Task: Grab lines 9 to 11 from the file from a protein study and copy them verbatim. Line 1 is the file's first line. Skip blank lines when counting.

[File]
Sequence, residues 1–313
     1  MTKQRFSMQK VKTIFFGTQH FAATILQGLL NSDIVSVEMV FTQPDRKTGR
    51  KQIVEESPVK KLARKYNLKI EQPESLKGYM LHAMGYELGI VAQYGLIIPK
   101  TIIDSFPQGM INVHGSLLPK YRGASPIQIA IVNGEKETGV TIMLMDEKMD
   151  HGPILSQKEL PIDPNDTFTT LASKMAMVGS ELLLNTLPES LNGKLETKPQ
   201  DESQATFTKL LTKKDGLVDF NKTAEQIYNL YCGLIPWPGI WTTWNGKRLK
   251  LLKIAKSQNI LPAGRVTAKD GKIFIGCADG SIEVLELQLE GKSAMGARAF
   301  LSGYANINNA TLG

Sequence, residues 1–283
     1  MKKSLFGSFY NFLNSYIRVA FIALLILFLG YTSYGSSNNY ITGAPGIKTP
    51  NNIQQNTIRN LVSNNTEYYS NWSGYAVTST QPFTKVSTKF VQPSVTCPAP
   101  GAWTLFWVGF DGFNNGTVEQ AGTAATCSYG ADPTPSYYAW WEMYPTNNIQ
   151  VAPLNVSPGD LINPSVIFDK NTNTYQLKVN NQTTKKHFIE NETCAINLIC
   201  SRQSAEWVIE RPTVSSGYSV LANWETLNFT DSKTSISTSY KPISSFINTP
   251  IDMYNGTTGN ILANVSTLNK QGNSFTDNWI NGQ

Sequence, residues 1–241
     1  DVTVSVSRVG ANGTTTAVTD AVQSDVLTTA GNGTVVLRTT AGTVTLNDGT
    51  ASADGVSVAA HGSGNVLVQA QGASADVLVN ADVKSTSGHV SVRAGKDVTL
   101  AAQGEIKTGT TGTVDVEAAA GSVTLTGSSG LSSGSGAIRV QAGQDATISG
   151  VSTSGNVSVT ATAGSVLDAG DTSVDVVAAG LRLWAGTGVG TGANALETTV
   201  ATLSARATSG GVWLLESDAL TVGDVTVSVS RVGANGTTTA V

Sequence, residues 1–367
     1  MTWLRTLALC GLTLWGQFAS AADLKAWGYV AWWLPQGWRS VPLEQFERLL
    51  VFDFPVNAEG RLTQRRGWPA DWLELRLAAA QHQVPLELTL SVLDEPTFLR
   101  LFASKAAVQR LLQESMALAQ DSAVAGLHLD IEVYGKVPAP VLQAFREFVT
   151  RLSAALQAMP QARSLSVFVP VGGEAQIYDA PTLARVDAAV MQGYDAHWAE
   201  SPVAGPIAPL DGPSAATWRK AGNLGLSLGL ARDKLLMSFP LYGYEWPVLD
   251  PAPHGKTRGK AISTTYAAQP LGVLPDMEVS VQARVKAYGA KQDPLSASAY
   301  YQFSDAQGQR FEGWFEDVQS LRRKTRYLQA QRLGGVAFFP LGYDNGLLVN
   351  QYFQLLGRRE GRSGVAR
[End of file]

Sequence, residues 1–283
     1  MKKSLFGSFY NFLNSYIRVA FIALLILFLG YTSYGSSNNY ITGAPGIKTP
    51  NNIQQNTIRN LVSNNTEYYS NWSGYAVTST QPFTKVSTKF VQPSVTCPAP